Not shockingly, we left Seward the morning of the 21st in the midst of a rain shower. Heading north along the Seward Highway, then splitting off west along the Sterling Highway, our surroundings changed from mountainous to rolling forested flats. Homer sits at the end of the Sterling Highway, and “The Spit” stretches a handful of miles out into Kachemak Bay, only few hundred yards wide and marks the end of the road- as far south on the Peninsula as a car can take you.
A fishing town, dubbed the “Halibut capital of the world” by its entry sign, Homer is full of anglers, both residents and tourists. We missed the mountains. We don’t fish. Fortunately, the mountains were staring at us from across Kachemak Bay, only a short water taxi ride away. Finding The Spit a bit too crowded and chaotic, we retraced our course about 30 minutes drive up the peninsula to Anchor Point and found camp for a couple nights.
It was cold. Colder than we’d felt in some time, it seemed. We decided to go to the beach a mile down the road, and walk along its rocky shore for a bit to warm ourselves up. We were in for a treat. Bald eagles, both mature and juvenile, perched like sentinels in the trees just offshore. Occasionally they glided down to the water, and in doing so, sent dozens of seagulls airborne as they abandoned their food and submitted to the presence of the eagles. The Lake Clark mountains shone in the distance, across the Cook Inlet in front of us, some white capped and massive. Mount Saint Augustine rose offshore from western Alaska, a quintessential coned volcano.
The following day was ours to play with. We hadn’t planned any trips, hikes or excursions, and so we headed back into Homer to take care of some errands and see if we found The Spit more to our liking after a good nights sleep. Laundry and groceries were taken care of first, and a short walk in the woods above town got Charley some exercise.
We had lunch at a bus on The Spit, “A Bus Named Sue.” A double decker bus parked along the strip served us up some fish tacos and halibut that we found quite good, and we walked it off at Bishops Beach in town. Again, Lake Clark and Katmai National Parks looked back at us from across Cook Inlet.
At 6am on the 23rd we climbed out into the chilly morning. We’d be heading across the bay to Kachemak Bay State Park for a relatively challenging hike in the remote wilderness. Only accessible by float plane or boat, we took a water taxi for 30 minutes or so to Tutka Bay and were let off at the Grace Ridge trailhead. Starting in the south and heading north, the trailed would climb from sea level up to about 3000feet, and finished at another point on the north end, where the water taxi would return later in the day to pick us up.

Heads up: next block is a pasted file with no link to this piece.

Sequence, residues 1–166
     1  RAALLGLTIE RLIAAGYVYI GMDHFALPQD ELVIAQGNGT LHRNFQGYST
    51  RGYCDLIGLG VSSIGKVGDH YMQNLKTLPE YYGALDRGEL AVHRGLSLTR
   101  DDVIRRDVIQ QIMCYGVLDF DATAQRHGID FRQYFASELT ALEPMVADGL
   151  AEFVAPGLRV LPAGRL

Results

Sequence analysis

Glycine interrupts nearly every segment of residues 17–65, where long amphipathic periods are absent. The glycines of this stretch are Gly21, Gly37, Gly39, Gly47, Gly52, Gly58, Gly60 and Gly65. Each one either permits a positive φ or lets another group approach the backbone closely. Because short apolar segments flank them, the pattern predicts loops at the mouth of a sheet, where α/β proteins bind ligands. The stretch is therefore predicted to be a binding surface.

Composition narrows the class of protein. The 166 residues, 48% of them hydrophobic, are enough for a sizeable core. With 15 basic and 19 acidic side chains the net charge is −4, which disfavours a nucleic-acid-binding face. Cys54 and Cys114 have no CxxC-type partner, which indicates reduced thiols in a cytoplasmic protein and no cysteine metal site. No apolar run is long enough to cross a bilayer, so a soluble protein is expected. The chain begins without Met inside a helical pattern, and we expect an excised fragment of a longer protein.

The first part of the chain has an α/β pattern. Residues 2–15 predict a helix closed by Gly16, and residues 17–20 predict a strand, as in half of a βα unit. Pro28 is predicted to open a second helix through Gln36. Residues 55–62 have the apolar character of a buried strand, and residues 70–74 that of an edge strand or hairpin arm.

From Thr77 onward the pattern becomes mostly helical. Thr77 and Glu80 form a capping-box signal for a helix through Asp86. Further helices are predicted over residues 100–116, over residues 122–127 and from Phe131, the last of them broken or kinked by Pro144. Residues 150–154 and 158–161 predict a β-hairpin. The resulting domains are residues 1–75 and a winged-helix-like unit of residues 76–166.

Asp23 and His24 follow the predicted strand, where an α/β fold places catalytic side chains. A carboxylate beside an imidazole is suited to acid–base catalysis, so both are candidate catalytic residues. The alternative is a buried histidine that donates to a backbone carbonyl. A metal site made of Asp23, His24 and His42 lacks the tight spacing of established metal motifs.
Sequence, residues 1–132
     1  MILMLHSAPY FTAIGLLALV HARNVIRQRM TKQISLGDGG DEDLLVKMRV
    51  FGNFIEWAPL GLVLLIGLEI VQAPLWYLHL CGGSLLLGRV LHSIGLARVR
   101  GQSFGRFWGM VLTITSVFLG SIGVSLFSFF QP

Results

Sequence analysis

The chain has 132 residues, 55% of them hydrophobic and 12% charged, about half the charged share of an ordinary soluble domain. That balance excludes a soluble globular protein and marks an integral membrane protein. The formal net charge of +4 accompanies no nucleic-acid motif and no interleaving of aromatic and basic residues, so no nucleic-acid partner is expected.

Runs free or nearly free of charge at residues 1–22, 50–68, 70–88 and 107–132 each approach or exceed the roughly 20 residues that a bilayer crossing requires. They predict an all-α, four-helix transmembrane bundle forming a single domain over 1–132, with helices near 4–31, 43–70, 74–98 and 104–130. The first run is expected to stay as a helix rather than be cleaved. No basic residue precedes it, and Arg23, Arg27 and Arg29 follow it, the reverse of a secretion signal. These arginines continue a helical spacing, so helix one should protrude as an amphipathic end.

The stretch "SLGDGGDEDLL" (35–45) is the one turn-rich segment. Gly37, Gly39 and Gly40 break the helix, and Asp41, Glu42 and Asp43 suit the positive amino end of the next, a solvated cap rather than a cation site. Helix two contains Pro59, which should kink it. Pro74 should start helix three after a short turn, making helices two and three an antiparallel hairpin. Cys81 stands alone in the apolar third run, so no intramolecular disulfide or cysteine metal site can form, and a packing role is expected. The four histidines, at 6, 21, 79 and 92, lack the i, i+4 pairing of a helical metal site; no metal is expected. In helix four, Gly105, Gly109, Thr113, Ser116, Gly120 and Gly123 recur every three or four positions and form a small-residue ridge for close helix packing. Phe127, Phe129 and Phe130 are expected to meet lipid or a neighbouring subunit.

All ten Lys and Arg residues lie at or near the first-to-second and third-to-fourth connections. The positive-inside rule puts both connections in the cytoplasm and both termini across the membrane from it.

No car traffic, no noise save for the rustling pines and distant hum of a prop plane or boat. We started the climb through wet forest heavily laden with mushrooms of all colors and sizes. The moss slowly dissipated as we climbed, and a steady progression of pine forest took over. The trail was supremely overgrown, leaving us wondering at times if we were in fact on a trail. We later found out that it is maintained once a year, in the springtime, and beside that, the trail is simply “maintained” by whatever foot traffic happens to pass through.
Fireweed covered the steep hillsides as we went. We climbed, up and up, and soon were well above treeline and exposed to the elements. The wind howled at us at times, keeping us in a low crouch to maintain balance. Charley had no issue. The ridge before us rose between Tutka Bay and Sadie Cove, offering views of both waters as well as Kachemak Bay and the Cook Inlet beyond. Islands dotted the water just off shore to our northwest, in front of us. Behind us, southeast, was the rest of the eastern peninsula, mountainous and beautiful, with Seward somewhere out there.
We made it to the ridge summit after a handful of steep pitches along the way, and were thankful to begin the descent. Our hands stayed mostly in our pockets, as the wind gave the day a frigid feel, but we snapped some photos along the dramatic ridgeline. Walking back down the north side, we passed stunning alpine green slopes. Dropping into the thick brush, we struggled to keep the trail again, as we kicked roots hidden by the dense flora. Blueberries grew wildly, and we stopped for a half hour and picked a whole bunch.
When we arrived at the pickup spot along Kayak Beach, we were only slightly earlier than the planned time. Other folks that had started with us that morning zipped through the trail and were left waiting along the beach for hours. Sometimes, it pays to take your time.
We left Homer that evening, and drove to Kasilof, an hour and a half north up the western peninsula. We’d booked two nights at a cabin on Glen’s property there as we had an excursion planned the following morning.